The case of Marbury v. Madison took place in February 1803. It was started with Thomas Jefferson winning the Presidential election against John Adams. Before Jefferson took office Adams and his administration passed the Judiciary Act of 1801, which overrode the Judiciary Act of 1789. This act established ten new district courts, expanded the circuit court from three to six, added additional judges to each circuit, gave the President the authority to appoint federal judges and Justices of Peace, and it reduced the number of Supreme Court justices from six to five. Two day before he left office, Adams appointed sixteen new federal circuit judges and forty two Justices of Peace. He appointed Marbury as the Justice of Peace in DC. The appointments were approved the next day, but not all of them could be delivered before Adams' term expired. Therefore Marbury did not receive his commission. When Jefferson took office he ordered Levi Lincoln, acting Secretary of State, to not deliver the remaining letters.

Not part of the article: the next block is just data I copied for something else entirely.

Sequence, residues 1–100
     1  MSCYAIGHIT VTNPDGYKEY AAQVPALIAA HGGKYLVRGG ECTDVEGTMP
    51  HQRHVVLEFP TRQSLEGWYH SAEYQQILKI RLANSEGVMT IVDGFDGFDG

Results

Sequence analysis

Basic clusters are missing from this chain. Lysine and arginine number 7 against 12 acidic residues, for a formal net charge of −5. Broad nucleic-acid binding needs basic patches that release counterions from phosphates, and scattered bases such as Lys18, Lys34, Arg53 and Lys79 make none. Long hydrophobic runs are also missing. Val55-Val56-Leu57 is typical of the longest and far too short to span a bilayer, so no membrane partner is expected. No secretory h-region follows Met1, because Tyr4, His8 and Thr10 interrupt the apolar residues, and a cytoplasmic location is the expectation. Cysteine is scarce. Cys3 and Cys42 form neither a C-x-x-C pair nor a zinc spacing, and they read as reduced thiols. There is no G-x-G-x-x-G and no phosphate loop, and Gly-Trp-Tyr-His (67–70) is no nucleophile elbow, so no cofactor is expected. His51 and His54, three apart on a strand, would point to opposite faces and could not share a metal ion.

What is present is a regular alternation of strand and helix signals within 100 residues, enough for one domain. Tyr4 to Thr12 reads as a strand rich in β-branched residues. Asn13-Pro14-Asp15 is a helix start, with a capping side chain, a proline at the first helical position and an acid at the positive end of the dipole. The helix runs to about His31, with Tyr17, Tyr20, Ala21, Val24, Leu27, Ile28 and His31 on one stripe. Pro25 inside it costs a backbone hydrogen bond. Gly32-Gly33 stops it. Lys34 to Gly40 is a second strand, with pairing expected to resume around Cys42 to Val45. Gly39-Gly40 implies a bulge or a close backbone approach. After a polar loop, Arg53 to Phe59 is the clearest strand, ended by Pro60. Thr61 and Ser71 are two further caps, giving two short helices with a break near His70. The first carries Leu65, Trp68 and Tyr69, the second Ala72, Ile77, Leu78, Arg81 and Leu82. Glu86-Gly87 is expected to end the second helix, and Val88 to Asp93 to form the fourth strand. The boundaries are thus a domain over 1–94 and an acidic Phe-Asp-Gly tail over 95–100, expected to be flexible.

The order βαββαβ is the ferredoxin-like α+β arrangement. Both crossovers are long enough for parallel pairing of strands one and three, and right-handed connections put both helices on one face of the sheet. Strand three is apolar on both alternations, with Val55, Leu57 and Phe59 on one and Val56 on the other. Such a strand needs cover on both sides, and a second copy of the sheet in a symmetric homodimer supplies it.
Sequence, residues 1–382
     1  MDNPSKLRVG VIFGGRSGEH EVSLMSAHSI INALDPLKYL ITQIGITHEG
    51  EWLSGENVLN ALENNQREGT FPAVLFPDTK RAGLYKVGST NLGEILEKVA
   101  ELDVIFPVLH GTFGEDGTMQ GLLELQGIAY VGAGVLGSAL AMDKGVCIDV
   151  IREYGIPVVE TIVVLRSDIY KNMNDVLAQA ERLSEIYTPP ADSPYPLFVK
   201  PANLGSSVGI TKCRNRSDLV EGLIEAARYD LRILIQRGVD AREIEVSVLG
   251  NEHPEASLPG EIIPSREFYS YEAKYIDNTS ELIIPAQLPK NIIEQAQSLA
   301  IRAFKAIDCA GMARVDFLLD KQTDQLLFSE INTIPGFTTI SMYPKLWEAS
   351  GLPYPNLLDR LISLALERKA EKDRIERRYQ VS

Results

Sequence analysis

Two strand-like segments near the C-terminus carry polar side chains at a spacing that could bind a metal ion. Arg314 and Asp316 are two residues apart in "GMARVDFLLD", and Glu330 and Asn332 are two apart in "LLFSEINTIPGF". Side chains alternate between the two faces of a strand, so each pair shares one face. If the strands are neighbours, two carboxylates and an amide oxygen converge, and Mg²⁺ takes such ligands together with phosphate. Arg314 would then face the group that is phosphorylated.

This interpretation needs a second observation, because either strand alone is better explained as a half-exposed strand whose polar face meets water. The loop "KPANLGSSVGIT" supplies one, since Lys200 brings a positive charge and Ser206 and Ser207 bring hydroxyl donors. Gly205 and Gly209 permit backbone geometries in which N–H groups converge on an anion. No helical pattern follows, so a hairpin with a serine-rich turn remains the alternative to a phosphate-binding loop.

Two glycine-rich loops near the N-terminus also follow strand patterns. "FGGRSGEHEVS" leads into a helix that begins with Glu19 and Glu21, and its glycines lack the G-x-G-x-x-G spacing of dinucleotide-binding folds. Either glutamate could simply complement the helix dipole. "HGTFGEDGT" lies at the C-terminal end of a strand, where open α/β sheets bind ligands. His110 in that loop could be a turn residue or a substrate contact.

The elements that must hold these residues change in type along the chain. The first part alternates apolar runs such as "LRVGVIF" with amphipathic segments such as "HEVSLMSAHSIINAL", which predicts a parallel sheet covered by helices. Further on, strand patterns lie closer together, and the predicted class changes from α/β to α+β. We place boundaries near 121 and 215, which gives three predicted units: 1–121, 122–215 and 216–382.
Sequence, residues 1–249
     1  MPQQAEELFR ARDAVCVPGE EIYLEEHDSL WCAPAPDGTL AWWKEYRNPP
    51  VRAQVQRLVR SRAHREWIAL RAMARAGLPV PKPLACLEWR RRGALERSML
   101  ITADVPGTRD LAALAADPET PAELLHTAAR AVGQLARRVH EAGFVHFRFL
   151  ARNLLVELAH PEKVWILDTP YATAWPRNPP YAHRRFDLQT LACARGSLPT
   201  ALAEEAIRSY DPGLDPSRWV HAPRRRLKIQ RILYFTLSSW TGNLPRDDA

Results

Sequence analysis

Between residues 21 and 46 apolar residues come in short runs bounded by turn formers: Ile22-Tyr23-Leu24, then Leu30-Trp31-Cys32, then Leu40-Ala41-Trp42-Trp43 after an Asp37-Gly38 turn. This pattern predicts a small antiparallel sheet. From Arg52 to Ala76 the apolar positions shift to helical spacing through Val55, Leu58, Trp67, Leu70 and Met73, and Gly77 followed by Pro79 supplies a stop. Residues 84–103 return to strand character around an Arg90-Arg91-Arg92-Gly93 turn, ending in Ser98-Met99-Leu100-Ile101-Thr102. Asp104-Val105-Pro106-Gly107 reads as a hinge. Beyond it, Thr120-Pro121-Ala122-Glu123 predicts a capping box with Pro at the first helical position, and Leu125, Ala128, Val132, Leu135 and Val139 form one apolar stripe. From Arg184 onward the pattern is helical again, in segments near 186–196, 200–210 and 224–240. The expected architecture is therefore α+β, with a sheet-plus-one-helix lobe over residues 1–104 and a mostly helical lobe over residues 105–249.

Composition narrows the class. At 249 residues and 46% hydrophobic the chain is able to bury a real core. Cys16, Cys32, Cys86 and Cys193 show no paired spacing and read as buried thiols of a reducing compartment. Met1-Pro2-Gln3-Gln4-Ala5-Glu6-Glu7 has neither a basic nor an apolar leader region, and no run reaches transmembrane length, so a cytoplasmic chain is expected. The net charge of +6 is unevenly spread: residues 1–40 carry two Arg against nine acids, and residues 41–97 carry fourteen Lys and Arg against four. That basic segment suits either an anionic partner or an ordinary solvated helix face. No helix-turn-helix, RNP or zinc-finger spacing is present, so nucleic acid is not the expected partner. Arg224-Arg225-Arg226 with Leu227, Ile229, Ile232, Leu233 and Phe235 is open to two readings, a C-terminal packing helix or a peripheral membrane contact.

The first thing the republicans did was pass the Judiciary Act of 1802. This act reversed the Act of 1801 and it replaced the court's two annual sessions with one.
Marbury sued Secretary of State, James Madison, to force him to deliver his commission as Justice of Peace. Marshall was the presiding Chief Justice. He declared that Madison should have delivered the commission, but that the section of the Judiciary Act of 1789 that gave the Supreme Court power to issue writs of mandamus surpassed the authority given to the Court under article three of the Constitution, therefore it was invalid. Marbury was unsuccessful in his petition; he never became Justice of Peace in DC.
This court case established three things:1."The authority to declare acts of congress and the implication acts of the...